Census family

Part A - Short definition:

Refers to a married couple (with or without children), a common-law couple (with or without children) or a lone parent family.

Part B - Detailed definition:

Refers to a married couple (with or without children of either and/or both spouses), a common-law couple (with or without children of either and/or both partners) or a lone parent of any marital status, with at least one child. A couple may be of opposite sex or same sex. A couple family with children may be further classified as either an intact family in which all children are the biological and/or adopted children of both married spouses or of both common-law partners or a stepfamily with at least one biological or adopted child of only one married spouse or common-law partner and whose birth or adoption preceded the current relationship. Stepfamilies, in turn may be classified as simple or complex. A simple stepfamily is a couple family in which all children are biological or adopted children of one, and only one, married spouse or common-law partner whose birth or adoption preceded the current relationship. A complex stepfamily is a couple family which contains at least one biological or adopted child whose birth or adoption preceded the current relationship. These families contain children from:

  • each married spouse or common-law partner and no other children
  • one married spouse or common-law partner and at least one other biological or adopted child of the couple
  • each married spouse or common-law partner and at least one other biological or adopted child of the couple.

Census years:

2011, 2006, 2001, 1996, 1991, 1986, 1981, 1976, 1971,Footnote 1 1966,Footnote 1 1961Footnote 1

Reported for:

Population in private households (including those enumerated outside Canada)Footnote 2

Question number(s):

Derived variable: Questions 2, 3, 4, 5 and 6

Responses:

Not applicable

Remarks:

'Children' refer to blood, step or adopted sons and daughters (regardless of age or marital status) who are living in the same dwelling as their parent(s), as well as grandchildren in households where there are no parents present. Sons and daughters who are living with their married spouse or common-law partner, or with one or more of their own children, are not considered to be members of the census family of their parent(s), even if they are living in the same dwelling. In addition, the sons or daughters who do not live in the same dwelling as their parent(s) are not considered members of the census family of their parent(s). Sons or daughters who study or have a summer job elsewhere but return to live with their parent(s) during the year are considered members of the census family of their parent(s).

As of 2011, a child living with a couple family can be identified as a child in an intact family; the child of one parent in a simple stepfamily; the child of one parent in a complex stepfamily; or the child of both parents in a complex stepfamily.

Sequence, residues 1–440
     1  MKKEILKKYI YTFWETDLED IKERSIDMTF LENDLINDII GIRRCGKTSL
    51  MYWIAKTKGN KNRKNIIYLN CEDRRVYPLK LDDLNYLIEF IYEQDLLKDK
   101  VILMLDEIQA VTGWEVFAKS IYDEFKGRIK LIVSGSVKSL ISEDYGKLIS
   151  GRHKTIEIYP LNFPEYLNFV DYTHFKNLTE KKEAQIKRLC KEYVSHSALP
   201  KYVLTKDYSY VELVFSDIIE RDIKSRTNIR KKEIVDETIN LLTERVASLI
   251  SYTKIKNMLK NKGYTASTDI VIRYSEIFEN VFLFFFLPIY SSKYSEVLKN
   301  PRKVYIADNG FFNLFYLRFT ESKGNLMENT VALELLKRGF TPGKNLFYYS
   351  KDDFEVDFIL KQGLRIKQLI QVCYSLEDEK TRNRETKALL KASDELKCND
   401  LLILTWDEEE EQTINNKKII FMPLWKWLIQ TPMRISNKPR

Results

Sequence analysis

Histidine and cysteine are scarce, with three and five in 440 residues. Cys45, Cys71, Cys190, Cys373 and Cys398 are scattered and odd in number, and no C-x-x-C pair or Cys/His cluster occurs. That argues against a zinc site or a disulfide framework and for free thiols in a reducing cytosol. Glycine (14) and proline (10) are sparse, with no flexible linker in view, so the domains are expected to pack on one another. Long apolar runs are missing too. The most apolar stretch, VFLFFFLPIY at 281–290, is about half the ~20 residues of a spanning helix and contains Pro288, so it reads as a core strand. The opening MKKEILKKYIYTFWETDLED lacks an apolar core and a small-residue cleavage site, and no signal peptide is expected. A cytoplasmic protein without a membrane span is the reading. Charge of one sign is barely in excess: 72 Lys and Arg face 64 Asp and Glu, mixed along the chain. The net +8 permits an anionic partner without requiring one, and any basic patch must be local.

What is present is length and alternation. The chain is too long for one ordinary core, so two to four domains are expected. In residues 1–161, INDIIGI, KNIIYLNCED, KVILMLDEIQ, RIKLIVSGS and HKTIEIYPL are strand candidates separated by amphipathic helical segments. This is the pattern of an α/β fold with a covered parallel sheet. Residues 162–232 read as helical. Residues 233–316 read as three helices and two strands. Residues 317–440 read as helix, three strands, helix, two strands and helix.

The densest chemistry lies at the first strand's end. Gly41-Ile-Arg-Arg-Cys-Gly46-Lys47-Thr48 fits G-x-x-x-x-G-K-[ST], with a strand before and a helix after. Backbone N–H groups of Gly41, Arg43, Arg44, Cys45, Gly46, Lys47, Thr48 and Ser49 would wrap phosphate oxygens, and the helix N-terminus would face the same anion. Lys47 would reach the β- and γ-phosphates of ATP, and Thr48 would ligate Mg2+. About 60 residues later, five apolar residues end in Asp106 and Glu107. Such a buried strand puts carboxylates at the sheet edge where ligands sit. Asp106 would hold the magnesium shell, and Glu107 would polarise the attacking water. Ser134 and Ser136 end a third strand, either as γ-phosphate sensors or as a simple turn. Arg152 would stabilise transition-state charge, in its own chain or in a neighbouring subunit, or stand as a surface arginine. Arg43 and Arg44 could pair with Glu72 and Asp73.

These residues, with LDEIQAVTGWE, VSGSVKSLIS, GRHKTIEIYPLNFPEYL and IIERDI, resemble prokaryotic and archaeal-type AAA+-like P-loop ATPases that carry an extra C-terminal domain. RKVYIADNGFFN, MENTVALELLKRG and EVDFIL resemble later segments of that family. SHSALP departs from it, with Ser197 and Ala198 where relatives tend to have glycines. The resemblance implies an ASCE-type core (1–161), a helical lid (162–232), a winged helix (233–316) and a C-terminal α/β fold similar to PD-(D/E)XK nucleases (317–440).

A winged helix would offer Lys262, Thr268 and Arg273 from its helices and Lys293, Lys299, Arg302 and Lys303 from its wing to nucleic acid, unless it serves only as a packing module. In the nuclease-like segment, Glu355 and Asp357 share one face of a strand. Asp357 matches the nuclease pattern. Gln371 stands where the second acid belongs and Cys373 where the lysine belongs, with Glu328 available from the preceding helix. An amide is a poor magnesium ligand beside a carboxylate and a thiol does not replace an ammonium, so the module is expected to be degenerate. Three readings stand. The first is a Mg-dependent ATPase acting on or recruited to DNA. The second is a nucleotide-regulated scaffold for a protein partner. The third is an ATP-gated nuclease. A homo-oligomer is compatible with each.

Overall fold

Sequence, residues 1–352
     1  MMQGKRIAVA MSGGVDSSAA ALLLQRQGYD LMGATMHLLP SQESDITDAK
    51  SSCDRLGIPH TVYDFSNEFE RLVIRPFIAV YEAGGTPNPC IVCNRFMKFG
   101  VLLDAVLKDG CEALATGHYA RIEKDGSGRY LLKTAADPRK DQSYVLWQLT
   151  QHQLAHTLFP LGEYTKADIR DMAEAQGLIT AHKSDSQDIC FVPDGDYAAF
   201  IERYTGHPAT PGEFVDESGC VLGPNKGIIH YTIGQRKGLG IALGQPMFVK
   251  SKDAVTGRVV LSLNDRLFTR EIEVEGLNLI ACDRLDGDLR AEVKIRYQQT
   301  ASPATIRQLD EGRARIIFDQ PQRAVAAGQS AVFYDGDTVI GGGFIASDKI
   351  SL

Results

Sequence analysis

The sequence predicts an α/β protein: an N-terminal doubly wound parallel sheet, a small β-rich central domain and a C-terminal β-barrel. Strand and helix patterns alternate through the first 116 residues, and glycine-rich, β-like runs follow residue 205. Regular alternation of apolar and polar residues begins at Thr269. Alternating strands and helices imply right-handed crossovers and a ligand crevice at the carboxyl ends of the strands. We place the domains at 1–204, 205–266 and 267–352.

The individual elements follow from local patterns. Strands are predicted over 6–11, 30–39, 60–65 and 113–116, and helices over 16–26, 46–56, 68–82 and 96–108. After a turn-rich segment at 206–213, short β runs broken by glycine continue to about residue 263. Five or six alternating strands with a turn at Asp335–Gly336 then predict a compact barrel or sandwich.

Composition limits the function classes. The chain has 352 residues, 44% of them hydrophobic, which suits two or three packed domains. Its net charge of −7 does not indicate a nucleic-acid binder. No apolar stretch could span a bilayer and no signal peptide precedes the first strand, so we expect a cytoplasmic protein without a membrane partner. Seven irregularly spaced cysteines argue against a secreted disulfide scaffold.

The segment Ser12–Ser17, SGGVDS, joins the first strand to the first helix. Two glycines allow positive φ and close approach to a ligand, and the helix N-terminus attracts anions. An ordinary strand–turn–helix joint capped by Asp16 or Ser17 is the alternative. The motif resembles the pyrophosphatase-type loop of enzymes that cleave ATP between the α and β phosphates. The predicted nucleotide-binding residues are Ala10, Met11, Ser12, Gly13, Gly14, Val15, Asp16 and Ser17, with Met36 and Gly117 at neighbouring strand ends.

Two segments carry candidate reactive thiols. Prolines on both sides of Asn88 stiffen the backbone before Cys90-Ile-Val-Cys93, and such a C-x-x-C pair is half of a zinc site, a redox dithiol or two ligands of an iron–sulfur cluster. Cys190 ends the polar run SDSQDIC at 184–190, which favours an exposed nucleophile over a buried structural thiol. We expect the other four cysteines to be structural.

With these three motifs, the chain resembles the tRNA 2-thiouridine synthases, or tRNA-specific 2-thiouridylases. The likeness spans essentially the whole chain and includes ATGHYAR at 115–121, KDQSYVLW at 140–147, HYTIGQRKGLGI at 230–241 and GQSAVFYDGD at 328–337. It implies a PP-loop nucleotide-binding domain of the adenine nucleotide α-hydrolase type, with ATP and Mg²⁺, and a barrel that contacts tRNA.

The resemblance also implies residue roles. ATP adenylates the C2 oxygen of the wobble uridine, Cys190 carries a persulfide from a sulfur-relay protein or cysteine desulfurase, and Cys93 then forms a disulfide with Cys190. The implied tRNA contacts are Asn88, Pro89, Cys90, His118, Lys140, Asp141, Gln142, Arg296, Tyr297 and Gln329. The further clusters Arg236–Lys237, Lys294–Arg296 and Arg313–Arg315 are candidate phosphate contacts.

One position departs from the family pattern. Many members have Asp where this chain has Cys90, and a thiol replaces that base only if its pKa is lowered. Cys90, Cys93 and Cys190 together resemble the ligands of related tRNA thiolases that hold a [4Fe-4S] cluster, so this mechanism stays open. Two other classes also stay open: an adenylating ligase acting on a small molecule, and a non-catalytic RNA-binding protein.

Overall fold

As of 2006, a married couple may be of opposite or same sex.

The 2001 Census introduced several changes to the census family concept:

  • Two persons living in a same-sex common-law relationship and their children residing in the same household, if any, are considered a census family.
  • Children in a census family can have been previously married (as long as they are not currently living with a married spouse or common-law partner). Prior to the 2001 Census, they had to be never-married.
  • A grandchild living in a three-generation household where the parent (middle generation) is never-married will, contrary to previous censuses, now be considered as a child in the census family of his or her parent, provided the grandchild is not living with his or her own married spouse, common-law partner, or child. Prior to the 2001 Census, the census family consisted of the two older generations.
  • A grandchild present in the household of his or her grandparent(s), where a middle-generation parent is not present, will now be considered as a child in the census family of his or her grandparent, provided the grandchild is not living with his or her own married spouse, common-law partner, or child. Prior to the 2001 Census, such a grandchild would not be considered as the member of a census family.

As of 2011, all write-in responses for Question 6 (Relationship to Person 1) are captured on the census form, so that family characteristics can be available for 100% census data.

In the 1996, 2001 and 2006 censuses, the write-in responses for Question 6 (Relationship to Person 1) on the short questionnaire were not coded to the appropriate detailed relationship value, but were classified as 'other' relationships. Only write-in responses from the long questionnaire (20% sample) were fully coded. As a result, family characteristics are available only for the 20% sample for those years.

In censuses prior to 1991, the families of married couples and those of opposite-sex common-law couples together constituted husband-wife families and appeared as such in most census family tables.

The census family and its associated classifications and variables are derived according to responses to the questions on sex, date of birth, marital status, common-law status and relationship to Person 1. In addition, consideration is given to the order in which household members are listed on the questionnaire.

Figure 19 provides an overview of the census family variables.

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